* * *
All four brothers heard the same invitation. Each had an opportunity to be carried home by the elder brother. The first said no, choosing a grass hut over his father's house. The second said no, preferring to analyze the mistakes of his brother rather than admit his own. The third said no, thinking it wiser to make a good impression than an honest confession. And the fourth said yes, choosing gratitude over guilt.
"I'll indulge myself," resolves one son.
"I'll compare myself," opts another.
"I'll save myself," determines the third.
"I'll entrust myself to you," decides the fourth.
May I ask a vital question? As you read of the brothers, which describes your relationship to God? Have you, like the fourth son, recognized your helplessness to make the journey home alone? Do you take the extended hand of your Father? Are you caught in the grip of his grace?
Or are you like one of the other three sons?
A hedonist. A judgmentalist. A legalist. All occupied with self to the exclusion of their father. Paul addresses these three in the first three chapters of Romans. Let's look at each one.
THE HUT-BUILDING HEDONIST ROMANS 1:18-32
Can you relate to the hut-builder? He traded his passion for the castle for a love of the lowland. Rather than long for home, he settled for a hut. The aim of his life is pleasure. Such is the definition of hedonism, and such is the practice of this son.
The hedonist navigates his life as if there is no father in his past, present, or future. There may have been, somewhere in the somewhat distant past, a once-upon-a-time father, but as far as the here and now? The son will live without him. There may be, in the faraway future, a father who comes and claims him, but as for today? The son will forge out his life on his own. Rather than seize the future, he's content to seize the day.
Paul had such a person in mind when he said, "They traded the glory of God who lives forever for the worship of idols made to look like earthly people, birds, animals, and snakes. . . . They worshiped and served what had been created instead of the God who created those things" (Rom. 1:23, 25). Hedonists make poor swaps; they trade mansions for huts and their brother for a stranger. They exchange their father's house for a hillside ghetto and send his son away.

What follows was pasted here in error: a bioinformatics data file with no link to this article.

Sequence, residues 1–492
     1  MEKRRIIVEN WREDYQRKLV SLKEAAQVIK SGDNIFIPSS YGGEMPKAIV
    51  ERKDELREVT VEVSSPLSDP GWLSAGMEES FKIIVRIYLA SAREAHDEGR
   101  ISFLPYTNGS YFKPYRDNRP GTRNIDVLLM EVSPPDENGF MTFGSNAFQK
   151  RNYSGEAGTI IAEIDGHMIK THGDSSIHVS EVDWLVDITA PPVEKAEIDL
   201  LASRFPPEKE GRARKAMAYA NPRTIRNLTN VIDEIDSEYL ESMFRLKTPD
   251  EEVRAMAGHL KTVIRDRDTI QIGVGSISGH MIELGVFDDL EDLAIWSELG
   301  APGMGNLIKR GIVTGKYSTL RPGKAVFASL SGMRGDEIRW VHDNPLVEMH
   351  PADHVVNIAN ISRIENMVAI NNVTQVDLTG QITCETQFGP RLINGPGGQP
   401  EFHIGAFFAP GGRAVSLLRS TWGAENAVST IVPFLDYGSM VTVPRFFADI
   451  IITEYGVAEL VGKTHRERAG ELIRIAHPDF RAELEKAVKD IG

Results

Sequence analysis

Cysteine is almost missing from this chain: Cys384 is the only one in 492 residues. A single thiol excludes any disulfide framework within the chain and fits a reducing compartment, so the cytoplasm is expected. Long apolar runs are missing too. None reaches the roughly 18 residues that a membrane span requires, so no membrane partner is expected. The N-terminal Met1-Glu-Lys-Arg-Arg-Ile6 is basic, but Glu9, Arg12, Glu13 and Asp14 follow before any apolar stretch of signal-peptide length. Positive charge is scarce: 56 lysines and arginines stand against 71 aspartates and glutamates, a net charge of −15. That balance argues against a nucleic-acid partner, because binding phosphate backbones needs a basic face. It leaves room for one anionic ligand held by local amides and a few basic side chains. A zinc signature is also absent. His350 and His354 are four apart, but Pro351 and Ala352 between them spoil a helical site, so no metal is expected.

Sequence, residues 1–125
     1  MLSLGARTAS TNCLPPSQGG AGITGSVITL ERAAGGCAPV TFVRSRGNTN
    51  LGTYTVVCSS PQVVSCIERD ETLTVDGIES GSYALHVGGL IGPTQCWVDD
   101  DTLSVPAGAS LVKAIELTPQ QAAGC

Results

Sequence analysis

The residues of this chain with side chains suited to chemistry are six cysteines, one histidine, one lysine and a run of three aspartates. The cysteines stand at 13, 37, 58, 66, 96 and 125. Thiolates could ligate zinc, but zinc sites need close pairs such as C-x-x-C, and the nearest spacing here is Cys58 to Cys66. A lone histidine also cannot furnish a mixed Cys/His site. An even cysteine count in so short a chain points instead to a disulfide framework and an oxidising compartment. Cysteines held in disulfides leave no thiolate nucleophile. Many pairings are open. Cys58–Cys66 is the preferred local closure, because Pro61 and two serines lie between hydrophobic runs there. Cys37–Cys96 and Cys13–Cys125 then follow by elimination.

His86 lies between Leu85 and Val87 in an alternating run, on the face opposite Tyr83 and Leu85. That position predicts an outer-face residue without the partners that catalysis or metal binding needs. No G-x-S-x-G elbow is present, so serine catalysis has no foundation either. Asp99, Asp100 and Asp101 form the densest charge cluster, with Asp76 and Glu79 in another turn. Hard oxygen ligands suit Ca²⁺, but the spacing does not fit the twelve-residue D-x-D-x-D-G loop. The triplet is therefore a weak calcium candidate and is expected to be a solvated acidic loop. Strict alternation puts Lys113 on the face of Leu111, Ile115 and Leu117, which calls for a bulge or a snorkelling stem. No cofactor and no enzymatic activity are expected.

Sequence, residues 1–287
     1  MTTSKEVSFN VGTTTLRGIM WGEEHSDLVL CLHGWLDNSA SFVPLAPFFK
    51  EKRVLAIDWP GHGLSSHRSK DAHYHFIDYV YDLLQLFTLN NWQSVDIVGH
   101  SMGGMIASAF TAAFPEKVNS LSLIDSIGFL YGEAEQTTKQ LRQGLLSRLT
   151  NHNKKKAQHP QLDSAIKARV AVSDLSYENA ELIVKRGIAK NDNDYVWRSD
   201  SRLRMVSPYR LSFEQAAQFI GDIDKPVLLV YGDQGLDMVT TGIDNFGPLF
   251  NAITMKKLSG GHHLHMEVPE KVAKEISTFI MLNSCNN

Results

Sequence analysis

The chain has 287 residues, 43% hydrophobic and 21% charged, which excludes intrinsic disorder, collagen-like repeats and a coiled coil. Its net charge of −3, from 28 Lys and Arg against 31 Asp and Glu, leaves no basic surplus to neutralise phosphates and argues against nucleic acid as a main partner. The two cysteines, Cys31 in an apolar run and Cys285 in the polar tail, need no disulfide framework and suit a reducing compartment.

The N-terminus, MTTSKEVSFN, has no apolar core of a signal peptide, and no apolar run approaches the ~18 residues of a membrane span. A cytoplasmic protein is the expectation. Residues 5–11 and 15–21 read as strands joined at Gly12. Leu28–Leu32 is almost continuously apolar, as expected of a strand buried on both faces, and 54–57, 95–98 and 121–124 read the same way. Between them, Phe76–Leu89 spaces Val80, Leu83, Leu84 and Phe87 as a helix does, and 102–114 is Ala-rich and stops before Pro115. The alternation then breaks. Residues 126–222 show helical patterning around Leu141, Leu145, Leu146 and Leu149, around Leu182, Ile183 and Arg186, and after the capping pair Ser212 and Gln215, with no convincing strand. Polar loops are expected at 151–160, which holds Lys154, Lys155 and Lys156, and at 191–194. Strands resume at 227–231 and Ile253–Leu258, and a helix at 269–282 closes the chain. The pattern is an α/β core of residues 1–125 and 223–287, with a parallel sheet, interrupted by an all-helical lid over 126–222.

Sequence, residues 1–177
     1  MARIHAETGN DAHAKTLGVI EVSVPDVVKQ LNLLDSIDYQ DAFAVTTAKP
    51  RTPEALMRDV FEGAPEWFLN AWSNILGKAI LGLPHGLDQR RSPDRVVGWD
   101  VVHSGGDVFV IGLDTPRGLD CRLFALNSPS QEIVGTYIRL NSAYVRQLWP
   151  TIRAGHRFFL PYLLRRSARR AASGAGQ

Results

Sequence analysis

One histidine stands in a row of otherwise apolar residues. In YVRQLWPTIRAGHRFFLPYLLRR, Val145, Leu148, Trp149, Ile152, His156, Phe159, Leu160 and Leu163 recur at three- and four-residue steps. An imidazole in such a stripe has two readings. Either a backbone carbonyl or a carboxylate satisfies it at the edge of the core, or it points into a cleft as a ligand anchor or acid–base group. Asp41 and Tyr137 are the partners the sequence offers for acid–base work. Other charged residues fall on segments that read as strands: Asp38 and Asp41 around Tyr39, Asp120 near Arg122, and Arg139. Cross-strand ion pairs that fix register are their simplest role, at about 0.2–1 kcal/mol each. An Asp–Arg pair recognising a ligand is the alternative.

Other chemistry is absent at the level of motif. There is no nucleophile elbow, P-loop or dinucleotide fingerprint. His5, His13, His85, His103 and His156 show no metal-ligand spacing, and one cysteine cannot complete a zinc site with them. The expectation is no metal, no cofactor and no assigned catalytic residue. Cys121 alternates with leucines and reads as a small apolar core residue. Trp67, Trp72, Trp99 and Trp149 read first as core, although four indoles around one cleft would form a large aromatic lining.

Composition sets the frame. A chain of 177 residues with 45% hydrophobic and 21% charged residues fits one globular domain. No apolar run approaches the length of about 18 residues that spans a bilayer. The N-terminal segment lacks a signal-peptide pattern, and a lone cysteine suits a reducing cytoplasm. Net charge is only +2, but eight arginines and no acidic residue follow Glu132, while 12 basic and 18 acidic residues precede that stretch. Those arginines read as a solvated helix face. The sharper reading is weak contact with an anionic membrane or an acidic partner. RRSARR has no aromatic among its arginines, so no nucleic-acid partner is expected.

THE FAULT-FINDING JUDGMENTALIST ROMANS 2:1-11
The approach of the second brother was simple: "Why deal with my mistakes when I can focus on the mistakes of others?"
He is a judgmentalist. I may be bad, but as long as I can find someone worse, I am safe. He fuels his goodness with the failures of others. He is the self-appointed teacher's pet in elementary school. He tattles on the sloppy work of others, oblivious to the F on his own paper. He's the neighborhood watchdog, passing out citations for people to clean up their act, never noticing the garbage on his own front lawn.
"Come on, God, let me show you the evil deeds of my neighbor," the moralist invites. But God won't follow him into the valley. "If you think you can judge others, you are wrong. When you judge them, you are really judging yourself guilty, because you do the same things they do" (Rom. 2:1). It's a shallow ploy, and God won't fall for it.
THE ROCK-STACKING LEGALIST ROMANS 2:17-3:20
And then there is the brother in the river. Ahhh, now here is a son we respect. Hardworking. Industrious. Zealous. Intense. Here is a fellow who sees his sin and sets out to resolve it by himself. Surely he is worthy of our applause. Surely he is worthy of our emulation. And, most surely, he is worthy of the father's mercy. Won't the father throw open the castle doors when he sees how hard the son has worked to get home?
With no help from the father, the legalist is tackling the odds and fording the river of failure. Surely, the father will be happy to see him. That is, if the father ever does.
You see, the problem is not the affection of the father but the strength of the river. What sucked the son away from his father's house was no gentle stream but rather a roaring torrent. Is the son strong enough to build an upriver path to the father's house?
Doubtful. We certainly can't. "There is no one who always does what is right, not even one" (Rom. 3:10). Oh, but we try. We don't stack rocks in a river, but we do good deeds on earth.
We think: If I do this, God will accept me.
If I teach this class ... and we pick up a rock.
If I go to church ... and we put the rock in the stream.
If I give this money ... another rock.
If I endure a Lucado book ... ten big rocks.
If I read my Bible, have the right opinion on the right doctrine, if I join this movement ... rock upon rock upon rock.
The problem? You may take five steps, but you have five million to go. The river is too long. What separates us from God is not a shallow stream but a tumbling, cascading, overwhelming river of sin. We stack and stack and stack only to find we can barely keep our footing, much less make progress.
Excerpted from IN THE GRIP OF GRACE by Max Lucado. Copyright © 1996 Max Lucado. Excerpted by permission of Thomas Nelson.